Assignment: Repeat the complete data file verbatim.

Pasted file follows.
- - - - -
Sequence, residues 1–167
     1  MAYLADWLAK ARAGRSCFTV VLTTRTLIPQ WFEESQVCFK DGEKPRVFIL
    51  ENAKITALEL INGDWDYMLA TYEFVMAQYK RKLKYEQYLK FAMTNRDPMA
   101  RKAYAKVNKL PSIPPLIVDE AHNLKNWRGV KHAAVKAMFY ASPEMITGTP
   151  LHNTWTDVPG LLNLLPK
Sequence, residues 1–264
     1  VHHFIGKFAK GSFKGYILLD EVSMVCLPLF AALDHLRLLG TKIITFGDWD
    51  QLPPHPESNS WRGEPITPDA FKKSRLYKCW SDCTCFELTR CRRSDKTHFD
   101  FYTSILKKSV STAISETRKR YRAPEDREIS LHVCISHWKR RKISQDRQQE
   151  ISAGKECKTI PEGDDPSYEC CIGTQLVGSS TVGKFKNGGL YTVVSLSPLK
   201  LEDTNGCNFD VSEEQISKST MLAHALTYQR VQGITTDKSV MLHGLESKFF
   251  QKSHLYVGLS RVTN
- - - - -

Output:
Sequence, residues 1–167
     1  MAYLADWLAK ARAGRSCFTV VLTTRTLIPQ WFEESQVCFK DGEKPRVFIL
    51  ENAKITALEL INGDWDYMLA TYEFVMAQYK RKLKYEQYLK FAMTNRDPMA
   101  RKAYAKVNKL PSIPPLIVDE AHNLKNWRGV KHAAVKAMFY ASPEMITGTP
   151  LHNTWTDVPG LLNLLPK
Sequence, residues 1–264
     1  VHHFIGKFAK GSFKGYILLD EVSMVCLPLF AALDHLRLLG TKIITFGDWD
    51  QLPPHPESNS WRGEPITPDA FKKSRLYKCW SDCTCFELTR CRRSDKTHFD
   101  FYTSILKKSV STAISETRKR YRAPEDREIS LHVCISHWKR RKISQDRQQE
   151  ISAGKECKTI PEGDDPSYEC CIGTQLVGSS TVGKFKNGGL YTVVSLSPLK
   201  LEDTNGCNFD VSEEQISKST MLAHALTYQR VQGITTDKSV MLHGLESKFF
   251  QKSHLYVGLS RVTN